"Proceedings of the DIMACS Workshop on Groups and Computation", L Finkelstein and W.M. Kantor, DIMACS Series in Discrete Mathematics and Theoretical Computer Science. 28, 1997, AMS, Providence, RI.

Preface

The Workshop “Groups and Computation” took place at DIMACS, the Center for Discrete Mathematics and Theoretical Computer Science on the campus of Rutgers University , on June 7-10, 1995. This, and an earlier Workshop held on Oct 7-10, 1991, aimed at merging theory and practice within the broad area of computation with groups. The primary goal of the previous Workshop was to foster a dialogue between researchers studying the computational complexity of group algorithms and those engaged in the development of practical software. It was expected that this would lead to a deeper understanding of the mathematical issues underlying group computations, and such understanding would lead in turn to faster algorithms. Comments and subsequent work indicated that this goal had been achieved beyond our expectations. In particular, as a result of that Workshop, new collaborations formed to test the practicality of algorithms designed to meet the theoretical goal of faster asymptotic running times. Some of these have now been implemented and have been shown to have superior practical performance. The second Workshop was designed to reinforce the progress in these directions.

The scientific program consisted of invited lectures and research announcements, as well as informal discussions and software demonstrations. The eight extended talks (by L. Babai, B. Eick, C. Leedham-Green, J. Leon, C. Miller, C. Praeger and A. Niemeyer, D. Rockmore, and M. Schonert) discussed randomization, permutation groups, matrix groups, software systems, fast Fourier transforms and their applications to signal processing and data analysis, computations with finitely presented groups, as well as implementation and complexity questions. These topics were also discussed further talks, as were additional ones such as group-theoretic computation with graphs, algorithms for permutation groups, properties of simple groups, and parallel architectures for matrix group computation. As in the previous Workshop, speakers ranged from established researchers to graduate students. The present Proceedings contains papers base on most, but not all, of their talks.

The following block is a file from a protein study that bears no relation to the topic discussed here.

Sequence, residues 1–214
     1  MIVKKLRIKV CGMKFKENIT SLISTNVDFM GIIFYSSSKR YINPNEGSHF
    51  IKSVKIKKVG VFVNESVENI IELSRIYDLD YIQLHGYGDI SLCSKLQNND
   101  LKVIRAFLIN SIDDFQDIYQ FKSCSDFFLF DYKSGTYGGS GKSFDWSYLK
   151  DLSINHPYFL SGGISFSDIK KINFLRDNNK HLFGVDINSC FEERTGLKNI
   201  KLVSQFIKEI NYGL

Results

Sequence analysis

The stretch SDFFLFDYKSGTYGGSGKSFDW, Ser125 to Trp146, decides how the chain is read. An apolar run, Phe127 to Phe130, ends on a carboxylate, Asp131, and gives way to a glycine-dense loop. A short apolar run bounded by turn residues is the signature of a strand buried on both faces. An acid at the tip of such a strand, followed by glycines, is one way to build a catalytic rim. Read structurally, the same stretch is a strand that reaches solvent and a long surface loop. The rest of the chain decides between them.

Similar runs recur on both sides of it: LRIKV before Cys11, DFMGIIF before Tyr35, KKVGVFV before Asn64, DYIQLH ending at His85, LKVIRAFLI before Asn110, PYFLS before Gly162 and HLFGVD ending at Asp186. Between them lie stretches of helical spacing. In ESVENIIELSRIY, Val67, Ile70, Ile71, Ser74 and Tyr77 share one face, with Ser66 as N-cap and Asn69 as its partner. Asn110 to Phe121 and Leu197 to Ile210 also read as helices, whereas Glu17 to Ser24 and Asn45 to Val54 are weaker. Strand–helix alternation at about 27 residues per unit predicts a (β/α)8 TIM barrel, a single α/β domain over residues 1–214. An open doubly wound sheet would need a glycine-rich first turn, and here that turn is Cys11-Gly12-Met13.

Software provided by the participants was available during the entire workshop and was discussed in a number of talks. One evening was devoted to informal software presentations using various systems, including numerous demonstrations by participants using GAP or Magma. In addition, there was a panel discussion whose theme was “Problems whose current algorithmic solutions are, in practice either too time- or space-consuming”. The panelists (G. Cooperman, G. Havas, J. Leon, J. Neubuser, M. Schonert and L. Soicher) were selected for their broad experience in building software for group computation.

What was most striking throughout the Workshop was the convergence of theory and practice begun at the first Workshop. Almost every talk concerning practical algorithms mentioned complexity issues; almost every talk focused on complexity mentioned practical considerations. This was particularly evident when it came to research on algorithms for computing with matrix groups. In contrast with the situation for permutation groups, finite matrix groups are too “large”, from both a practical and a theoretical standpoint. As a result, very few computational problems for matrix groups have polynomial-time solutions (this is true even for simple-sounding problems such as finding the order of a matrix group). Particularly fascinating are the mathematical issues that have emerged as part of the search for reasonably efficient matrix group algorithms. The Proceedings contains several papers along these lines. The remarkable progress that has been achieved so far makes extensive use of the classification of finite simple groups, of randomized methods, and of polynomial computation using classical Symbolic Algebra methods. This progress could not have been predicted following the first DIMACS Workshop, which was dominated by permutation groups rather than matrix groups.

The first DIMACS Workshop came into being due to the formidable efforts of Danny Gorenstein, and hence the second one also owes much to him. We are grateful for the assistance of our co-organizer Charles Sims, and to the DIMACS staff for helping the workshop to function smoothly. Christine Thierviege of the American Mathematical Society provided invaluable assistance in the production of this Proceedings. Finally, we would like to thank DIMACS, the National Science Foundation, the National Security Agency and Rutgers University for their financial support of the workshop.